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Development of the PCAD Model to Assess Biological Significance of Acoustic Disturbance

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Technical Report

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University of California Santa Cruz United States

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Assessing the impact of disturbance events on marine mammal species is important to stakeholders who must balance project objectives with the environmental impacts. Interest in this topic has led to key discoveries relating to species-specific sensitivities, behavioral responses, and the physics of disturbance however, we still lack the ability to predict the effect of potential disturbance events on a population. To better inform, the PCAD Population Consequences of Acoustic Disturbance working group established a conceptual framework detailing the impact of disturbance events and how the effects cascade from individuals altering their behavior all the way to population-level demographic effects. These methods require substantial pre-existing knowledge of foraging patterns, life-history schedules, and demographics. It is essential to use well-studied species to validate the approach. We identified northern elephant seals and Atlantic bottlenose dolphins. These species represent two life-history extremes, have clear taxonomic separation, and both species have been studied intensively, providing unprecedented demographic data. In the current project, we are focusing on several key opportunities. First, the combination of remarkable demographic data with health or body condition data will allow us for the first time to assess the effects of a disturbance event through all of the transfer functions of the PCAD model. This will be done with both simulated, natural, and experimental disturbance events, giving us the power to estimate the effects of proposed disturbance activities while bounding the estimates with real-world values. We will also be focusing on some of the mechanistic aspects of the PCAD model. For example, by investigating fine-scale energetics via accelerometry or the role of stress response in long-term health and reproduction, we can begin developing tools that will enhance our confidence in the PCAD model for the data-limitingcryptic species.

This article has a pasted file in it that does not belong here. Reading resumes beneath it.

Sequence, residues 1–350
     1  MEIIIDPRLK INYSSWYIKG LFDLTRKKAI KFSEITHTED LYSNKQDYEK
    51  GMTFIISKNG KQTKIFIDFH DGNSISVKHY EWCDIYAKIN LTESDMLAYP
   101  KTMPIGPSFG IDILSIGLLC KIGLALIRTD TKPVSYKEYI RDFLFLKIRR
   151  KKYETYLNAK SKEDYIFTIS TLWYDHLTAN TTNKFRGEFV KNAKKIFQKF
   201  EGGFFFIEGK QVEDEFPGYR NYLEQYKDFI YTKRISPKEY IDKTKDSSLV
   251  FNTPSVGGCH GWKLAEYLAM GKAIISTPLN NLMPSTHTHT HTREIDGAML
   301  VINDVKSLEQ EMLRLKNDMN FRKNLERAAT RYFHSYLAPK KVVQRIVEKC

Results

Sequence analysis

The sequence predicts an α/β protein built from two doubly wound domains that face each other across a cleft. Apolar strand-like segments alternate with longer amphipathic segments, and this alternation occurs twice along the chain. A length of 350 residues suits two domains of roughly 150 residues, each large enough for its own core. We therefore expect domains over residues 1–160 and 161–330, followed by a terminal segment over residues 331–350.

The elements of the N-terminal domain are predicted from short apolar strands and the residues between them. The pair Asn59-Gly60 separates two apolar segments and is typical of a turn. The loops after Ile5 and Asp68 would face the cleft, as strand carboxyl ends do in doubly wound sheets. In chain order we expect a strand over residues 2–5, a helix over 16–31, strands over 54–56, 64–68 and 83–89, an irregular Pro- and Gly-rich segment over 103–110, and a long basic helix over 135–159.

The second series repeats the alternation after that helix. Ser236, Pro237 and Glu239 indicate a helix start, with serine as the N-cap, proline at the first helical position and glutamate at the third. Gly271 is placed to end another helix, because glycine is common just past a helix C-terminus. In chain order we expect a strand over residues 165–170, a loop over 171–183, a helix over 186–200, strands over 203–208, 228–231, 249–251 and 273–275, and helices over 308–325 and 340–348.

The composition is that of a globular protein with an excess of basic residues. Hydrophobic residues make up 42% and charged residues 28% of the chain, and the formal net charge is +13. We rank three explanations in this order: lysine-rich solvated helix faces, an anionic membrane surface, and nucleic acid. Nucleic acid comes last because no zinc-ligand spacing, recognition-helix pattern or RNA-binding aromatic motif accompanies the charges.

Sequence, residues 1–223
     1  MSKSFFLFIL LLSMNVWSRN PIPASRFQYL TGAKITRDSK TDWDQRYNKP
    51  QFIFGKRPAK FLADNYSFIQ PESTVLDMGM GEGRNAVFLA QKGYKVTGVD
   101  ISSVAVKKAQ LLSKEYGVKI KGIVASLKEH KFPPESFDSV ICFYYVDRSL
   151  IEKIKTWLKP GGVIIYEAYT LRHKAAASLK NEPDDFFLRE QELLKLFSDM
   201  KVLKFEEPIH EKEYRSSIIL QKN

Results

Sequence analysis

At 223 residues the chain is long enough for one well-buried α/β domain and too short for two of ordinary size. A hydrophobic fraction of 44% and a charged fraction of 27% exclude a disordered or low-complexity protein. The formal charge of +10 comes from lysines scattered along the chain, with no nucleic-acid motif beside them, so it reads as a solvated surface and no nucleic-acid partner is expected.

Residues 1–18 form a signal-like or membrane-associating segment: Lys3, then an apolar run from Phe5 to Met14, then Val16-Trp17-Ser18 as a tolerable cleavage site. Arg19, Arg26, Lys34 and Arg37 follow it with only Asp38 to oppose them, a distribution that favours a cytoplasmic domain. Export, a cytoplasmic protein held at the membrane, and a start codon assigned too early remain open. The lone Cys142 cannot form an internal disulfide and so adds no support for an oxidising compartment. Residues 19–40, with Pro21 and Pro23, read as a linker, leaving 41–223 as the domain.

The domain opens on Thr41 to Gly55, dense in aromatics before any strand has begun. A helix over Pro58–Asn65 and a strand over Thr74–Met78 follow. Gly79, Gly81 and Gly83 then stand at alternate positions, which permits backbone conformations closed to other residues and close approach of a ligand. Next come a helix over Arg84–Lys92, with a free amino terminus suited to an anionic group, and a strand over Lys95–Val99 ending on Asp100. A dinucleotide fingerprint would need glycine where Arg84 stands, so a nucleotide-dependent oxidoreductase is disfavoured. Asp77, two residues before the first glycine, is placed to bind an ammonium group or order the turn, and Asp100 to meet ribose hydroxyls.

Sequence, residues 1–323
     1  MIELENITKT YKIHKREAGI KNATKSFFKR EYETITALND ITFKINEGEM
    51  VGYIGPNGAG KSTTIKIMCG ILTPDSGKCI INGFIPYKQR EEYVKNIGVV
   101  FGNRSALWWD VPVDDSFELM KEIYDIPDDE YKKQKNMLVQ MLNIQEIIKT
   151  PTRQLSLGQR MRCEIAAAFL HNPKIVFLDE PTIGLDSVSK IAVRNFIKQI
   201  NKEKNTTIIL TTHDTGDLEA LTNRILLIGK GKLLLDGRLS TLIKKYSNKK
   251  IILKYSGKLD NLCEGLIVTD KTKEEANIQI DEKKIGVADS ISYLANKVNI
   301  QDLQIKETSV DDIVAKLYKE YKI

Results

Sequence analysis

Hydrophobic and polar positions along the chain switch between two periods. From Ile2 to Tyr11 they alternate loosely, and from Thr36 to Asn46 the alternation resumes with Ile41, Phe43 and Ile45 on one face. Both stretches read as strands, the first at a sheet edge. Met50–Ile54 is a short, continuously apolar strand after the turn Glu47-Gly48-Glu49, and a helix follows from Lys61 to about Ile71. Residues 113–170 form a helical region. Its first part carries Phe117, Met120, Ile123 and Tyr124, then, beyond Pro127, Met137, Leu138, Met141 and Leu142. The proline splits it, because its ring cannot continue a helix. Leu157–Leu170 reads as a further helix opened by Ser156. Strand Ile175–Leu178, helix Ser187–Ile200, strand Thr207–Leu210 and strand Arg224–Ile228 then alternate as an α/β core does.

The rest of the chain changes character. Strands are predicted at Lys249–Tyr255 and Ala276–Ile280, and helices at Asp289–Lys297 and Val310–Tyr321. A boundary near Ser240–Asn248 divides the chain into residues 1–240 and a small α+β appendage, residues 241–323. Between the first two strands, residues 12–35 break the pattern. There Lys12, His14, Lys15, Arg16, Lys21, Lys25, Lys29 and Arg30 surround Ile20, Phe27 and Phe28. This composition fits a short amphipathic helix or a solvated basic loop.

Subject Categories:

  • Biological Oceanography
  • Information Science
  • Operations Research

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